Eckstein
    Eckstein

    Bonds
    Bonds

    Bonds is, however, working on a slight change. "I picked something up from David Eckstein in Japan," says Bonds. "I really like his approach to his swing, and I asked him how he does it."

    "It's all in the first three inches starting the swing, keeping my hands in," says Eckstein. "It was amazing. I looked over one day when we were in Japan and there's Barry with my brother talking about the fundamentals of what I do. I couldn't believe it."

  • Interested in hearing a soothing Bonds? Well, here goes:

    "If I hit a line drive at someone -- even Jay Bell standing in short right field -- I don't get upset. J.T. hits one right at someone, he throws his bat, and the next time up he tries even harder and pulls off the ball and he's messed up for the day. I tell him not to get upet because he's done his job."

  • Some of Bonds' teammates think he is so good at reading pitches that he knows what's coming 30-40 percent of the time.

    "I don't concentrate on that as much as knowing how each pitcher is going to try to get me out," says Bonds. "If I face a pitcher a couple of times, I know how he's going to try to get me out, and I adjust to it."

  • Snow's big offseason adventure was traveling to Philadelphia with the St. Louis Rams and being their water boy.

    "The first time I ran out into the defensive huddle with the water," says Snow. "One big defensive lineman said, 'Isn't this kind of a comedown for you in terms of how you make your living?' Then when I went out to the offense and offered Marshall Faulk the water, he said he didn't need any, and I said, 'Come on drink some, some of us want to get on TV."

    Around the majors

  • The Padres will look at a number of relievers (including Todd Jones) to fill the huge shoes of closer Trevor Hoffman, but for now manager Bruce Bochy says he really doesn't need one set closer.

    Villafuerte
    Villafuerte

    "Unless you have someone like a Hoffman or a Robb Nen, you're just as well off using a few different guys," says Bochy. "I think Kevin Walker could close games, so could Brandon Villafuerte, maybe Jaret Wright, and maybe even Luther Hackman. We'll see, in time. In my mind, one of the most important things for the closer is to throw strikes."

  • After facing Ted Lilly in an intraquad game, Adam Piatt came back to the bench and said, "He is throwing lights out. Whatever he did to his delivery didn't change his deception one bit, and his stuff is better." The A's are also very pleased with Aaron Harang. Last season, Harang couldn't get the ball down in the zone, but after an offseason program to lose weight, increase flexibility and free up his hips, Harang's velocity is better and he's able to drive it down in the strike zone.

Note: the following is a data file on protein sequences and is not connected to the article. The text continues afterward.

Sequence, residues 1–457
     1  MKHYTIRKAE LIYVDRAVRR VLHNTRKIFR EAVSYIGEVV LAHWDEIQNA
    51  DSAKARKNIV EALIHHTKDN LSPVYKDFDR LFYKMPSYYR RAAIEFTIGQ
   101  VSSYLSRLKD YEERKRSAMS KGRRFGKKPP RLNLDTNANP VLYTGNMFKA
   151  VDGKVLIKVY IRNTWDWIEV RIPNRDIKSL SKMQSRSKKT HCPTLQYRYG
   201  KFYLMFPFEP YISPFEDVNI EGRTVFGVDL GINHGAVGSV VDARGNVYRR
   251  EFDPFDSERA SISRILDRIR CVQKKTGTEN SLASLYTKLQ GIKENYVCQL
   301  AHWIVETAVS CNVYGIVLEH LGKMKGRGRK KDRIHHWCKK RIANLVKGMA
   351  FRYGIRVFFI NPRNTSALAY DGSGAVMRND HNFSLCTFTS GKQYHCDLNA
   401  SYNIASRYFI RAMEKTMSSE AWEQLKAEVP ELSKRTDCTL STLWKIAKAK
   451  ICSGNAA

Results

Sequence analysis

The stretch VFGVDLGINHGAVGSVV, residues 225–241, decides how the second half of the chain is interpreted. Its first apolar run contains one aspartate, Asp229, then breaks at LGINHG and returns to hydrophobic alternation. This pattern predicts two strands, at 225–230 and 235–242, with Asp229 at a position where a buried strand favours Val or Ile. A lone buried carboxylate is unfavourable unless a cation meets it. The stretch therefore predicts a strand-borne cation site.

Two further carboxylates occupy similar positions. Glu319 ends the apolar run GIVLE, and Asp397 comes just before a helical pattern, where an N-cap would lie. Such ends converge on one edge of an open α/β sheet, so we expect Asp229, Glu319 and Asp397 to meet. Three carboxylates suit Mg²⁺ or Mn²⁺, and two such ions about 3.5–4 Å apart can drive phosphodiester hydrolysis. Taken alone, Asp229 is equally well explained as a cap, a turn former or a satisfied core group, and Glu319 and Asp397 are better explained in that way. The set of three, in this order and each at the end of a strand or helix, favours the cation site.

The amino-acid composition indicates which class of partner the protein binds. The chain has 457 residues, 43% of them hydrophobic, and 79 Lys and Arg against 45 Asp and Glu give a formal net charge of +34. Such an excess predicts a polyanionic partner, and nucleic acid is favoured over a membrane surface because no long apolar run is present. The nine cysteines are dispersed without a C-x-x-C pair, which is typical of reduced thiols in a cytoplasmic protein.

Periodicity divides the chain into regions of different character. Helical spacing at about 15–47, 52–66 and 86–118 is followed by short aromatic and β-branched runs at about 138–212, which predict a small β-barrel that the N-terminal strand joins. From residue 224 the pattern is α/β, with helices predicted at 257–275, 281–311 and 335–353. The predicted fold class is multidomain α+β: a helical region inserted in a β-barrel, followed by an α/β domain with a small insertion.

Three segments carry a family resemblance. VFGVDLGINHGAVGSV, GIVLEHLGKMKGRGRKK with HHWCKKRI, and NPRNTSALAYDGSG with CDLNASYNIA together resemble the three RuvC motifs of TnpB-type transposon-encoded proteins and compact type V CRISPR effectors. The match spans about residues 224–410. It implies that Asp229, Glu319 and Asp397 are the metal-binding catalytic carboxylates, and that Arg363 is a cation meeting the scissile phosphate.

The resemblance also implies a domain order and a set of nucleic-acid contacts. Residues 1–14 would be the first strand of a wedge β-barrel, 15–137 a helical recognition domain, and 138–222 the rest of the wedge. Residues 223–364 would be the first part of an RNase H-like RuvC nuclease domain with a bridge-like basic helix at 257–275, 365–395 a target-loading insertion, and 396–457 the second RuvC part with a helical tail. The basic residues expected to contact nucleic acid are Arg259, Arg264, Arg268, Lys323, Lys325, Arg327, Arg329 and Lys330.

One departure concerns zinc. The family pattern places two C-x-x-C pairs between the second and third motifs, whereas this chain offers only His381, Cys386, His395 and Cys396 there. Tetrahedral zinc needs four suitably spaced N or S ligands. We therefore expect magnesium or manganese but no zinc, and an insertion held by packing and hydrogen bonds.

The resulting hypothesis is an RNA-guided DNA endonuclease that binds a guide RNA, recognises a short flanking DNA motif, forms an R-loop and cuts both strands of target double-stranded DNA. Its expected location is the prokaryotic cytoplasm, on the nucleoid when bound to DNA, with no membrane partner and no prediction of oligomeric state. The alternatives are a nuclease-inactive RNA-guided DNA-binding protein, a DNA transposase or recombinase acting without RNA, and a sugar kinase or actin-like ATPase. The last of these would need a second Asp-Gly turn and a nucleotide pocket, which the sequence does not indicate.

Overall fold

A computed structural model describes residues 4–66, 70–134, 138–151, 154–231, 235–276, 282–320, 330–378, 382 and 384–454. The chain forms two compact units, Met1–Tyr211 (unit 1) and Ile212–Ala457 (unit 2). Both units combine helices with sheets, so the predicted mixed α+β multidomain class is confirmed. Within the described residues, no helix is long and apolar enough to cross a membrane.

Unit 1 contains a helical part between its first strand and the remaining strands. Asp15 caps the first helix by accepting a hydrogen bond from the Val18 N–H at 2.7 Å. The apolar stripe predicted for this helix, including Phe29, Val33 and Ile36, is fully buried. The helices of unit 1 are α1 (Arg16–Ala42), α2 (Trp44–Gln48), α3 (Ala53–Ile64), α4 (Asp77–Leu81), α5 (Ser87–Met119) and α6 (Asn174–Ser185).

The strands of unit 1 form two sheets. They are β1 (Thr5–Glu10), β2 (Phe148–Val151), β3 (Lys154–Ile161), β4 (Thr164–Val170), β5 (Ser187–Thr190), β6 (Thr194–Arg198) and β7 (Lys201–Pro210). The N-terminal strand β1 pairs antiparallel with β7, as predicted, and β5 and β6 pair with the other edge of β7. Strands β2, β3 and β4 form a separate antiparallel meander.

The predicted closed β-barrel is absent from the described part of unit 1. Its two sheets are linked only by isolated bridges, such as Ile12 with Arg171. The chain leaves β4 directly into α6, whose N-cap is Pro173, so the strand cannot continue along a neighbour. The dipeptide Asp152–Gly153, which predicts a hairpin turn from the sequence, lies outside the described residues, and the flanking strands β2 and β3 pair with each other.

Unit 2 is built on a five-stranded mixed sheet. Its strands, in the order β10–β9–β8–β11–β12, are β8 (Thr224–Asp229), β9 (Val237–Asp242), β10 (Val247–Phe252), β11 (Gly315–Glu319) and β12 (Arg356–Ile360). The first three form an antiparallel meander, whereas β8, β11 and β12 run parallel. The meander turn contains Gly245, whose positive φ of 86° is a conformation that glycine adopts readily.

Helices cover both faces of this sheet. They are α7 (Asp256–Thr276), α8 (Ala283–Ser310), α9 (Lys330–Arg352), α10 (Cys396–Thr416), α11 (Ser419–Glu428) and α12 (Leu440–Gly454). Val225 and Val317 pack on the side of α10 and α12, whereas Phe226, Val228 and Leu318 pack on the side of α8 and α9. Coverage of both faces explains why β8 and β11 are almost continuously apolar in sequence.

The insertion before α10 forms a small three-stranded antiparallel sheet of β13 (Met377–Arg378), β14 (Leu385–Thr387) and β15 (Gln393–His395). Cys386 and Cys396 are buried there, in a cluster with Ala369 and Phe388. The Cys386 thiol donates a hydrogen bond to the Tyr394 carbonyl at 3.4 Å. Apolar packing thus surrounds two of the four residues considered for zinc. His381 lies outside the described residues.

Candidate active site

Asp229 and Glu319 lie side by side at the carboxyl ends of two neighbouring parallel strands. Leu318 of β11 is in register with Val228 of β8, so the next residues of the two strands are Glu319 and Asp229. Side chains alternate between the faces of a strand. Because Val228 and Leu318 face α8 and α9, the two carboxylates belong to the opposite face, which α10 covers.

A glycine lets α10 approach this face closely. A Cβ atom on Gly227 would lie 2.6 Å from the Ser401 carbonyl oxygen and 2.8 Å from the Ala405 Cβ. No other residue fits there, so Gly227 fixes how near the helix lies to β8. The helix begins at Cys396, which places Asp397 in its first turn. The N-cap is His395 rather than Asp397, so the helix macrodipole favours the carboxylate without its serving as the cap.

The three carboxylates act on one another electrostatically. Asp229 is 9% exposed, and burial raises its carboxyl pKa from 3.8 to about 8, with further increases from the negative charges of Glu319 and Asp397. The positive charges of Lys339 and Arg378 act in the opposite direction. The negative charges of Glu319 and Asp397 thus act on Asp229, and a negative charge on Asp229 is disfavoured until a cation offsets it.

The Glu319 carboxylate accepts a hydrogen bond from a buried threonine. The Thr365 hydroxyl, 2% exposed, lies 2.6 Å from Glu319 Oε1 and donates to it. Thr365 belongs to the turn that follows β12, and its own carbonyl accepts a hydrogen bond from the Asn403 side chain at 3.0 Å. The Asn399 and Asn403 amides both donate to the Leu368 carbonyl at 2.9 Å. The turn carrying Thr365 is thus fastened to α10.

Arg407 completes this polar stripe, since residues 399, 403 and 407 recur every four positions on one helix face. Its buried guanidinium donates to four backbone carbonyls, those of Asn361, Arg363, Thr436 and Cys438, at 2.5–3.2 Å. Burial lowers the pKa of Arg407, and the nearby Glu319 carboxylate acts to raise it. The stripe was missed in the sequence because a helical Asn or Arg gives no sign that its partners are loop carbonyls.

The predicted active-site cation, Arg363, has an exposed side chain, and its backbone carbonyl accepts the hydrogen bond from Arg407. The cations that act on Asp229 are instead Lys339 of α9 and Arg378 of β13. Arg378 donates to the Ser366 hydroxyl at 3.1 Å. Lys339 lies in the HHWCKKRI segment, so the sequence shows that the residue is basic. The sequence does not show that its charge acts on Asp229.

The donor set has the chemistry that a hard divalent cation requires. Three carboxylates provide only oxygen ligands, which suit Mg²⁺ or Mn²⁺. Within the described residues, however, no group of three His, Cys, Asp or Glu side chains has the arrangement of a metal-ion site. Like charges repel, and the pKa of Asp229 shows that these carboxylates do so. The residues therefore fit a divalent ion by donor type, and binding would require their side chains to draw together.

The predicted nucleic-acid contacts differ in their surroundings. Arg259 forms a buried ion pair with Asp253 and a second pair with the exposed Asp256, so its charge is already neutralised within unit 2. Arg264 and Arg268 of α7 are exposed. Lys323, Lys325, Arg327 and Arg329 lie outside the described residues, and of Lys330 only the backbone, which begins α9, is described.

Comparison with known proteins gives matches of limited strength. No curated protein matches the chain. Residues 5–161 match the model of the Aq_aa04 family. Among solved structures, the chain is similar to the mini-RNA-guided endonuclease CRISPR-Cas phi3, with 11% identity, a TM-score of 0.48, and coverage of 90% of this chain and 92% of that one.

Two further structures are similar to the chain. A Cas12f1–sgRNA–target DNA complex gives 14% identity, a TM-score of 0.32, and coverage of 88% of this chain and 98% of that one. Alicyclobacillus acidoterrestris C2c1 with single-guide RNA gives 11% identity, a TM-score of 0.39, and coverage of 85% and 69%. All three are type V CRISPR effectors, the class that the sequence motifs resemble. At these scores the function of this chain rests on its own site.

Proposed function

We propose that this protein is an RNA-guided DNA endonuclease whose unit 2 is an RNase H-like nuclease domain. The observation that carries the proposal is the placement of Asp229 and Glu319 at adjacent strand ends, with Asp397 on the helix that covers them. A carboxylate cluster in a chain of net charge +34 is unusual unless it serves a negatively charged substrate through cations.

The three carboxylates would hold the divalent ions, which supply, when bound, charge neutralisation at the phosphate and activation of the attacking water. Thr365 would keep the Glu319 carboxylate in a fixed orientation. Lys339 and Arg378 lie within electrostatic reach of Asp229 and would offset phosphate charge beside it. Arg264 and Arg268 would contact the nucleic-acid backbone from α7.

• In last week's column, I noted how Mark Mulder, Tim Hudson and Barry Zito all take unusual responsibility for the results of the games they pitch. That goes back to what Orioles former pitcher and current vice president Mike Flanagan calls "high guilt" and "low guilt" pitchers. Flanagan says "you want a low guilt person as a closer, but a high guilt guy as a starter. Those Oakland pitchers are the perfect example of what you want as a starter, but as a closer you don't want someone who feels terrible if he blows a save."

    Now, there are exceptions. Dennis Eckersley was a high guilt person who turned into one of the best closers in the game, and always accepted the responsibility for his results.

  • The Royals are looking around for a taker for Carlos Beltran, and while the Rangers deny interest publicly, players say they have been asked about him. Of course, the fact that Carl Everett is bigger than the state of Rhode Island might have something to do with that.

  • The Rangers also have talked to the Yankees about Sterling Hitchcock, but the sticking point is how much of Hitchcock's 2003 salary the Yankees will eat.

  • Other names out there: The Padres are trying to move Bubba Trammell and Kevin Jarvis. The Dodgers would like to move some bullpen payroll (like Paul Shuey) and still wouldn't mind moving Andy Ashby.

    Lowell
    Lowell

    The Giants are talking about trading Felix Rodriguez and Ryan Jensen, although Rodriguez would be difficult to move as long as Robb Nen isn't ready to throw coming off shoulder surgery. And despite denials, several clubs claim that Mike Lowell could be had from Florida in order for the Marlins to lower payroll.

  • Let's get this straight: George Steinbrenner is critical of Derek Jeter, whose work habits are as exemplary as any in the game, and his boy David Wells can do anything he pleases. Message to Jeter: get drunk? Maybe former Yankee players aren't as jealous of Jeter and don't go running to Steinbrenner about Wells. Over/unders on Wells' departure will be accepted.

  • Speaking of that old-school stuff, former Red Sox, Yankees and Senators left-handed pitcher Mickey McDermott has a book coming out next month titled, "A Funny Thing Happened on the Way to Cooperstown: I Found a Bar." Yes, he really did drive his car into the front lobby of the Ayer, Mass. police department.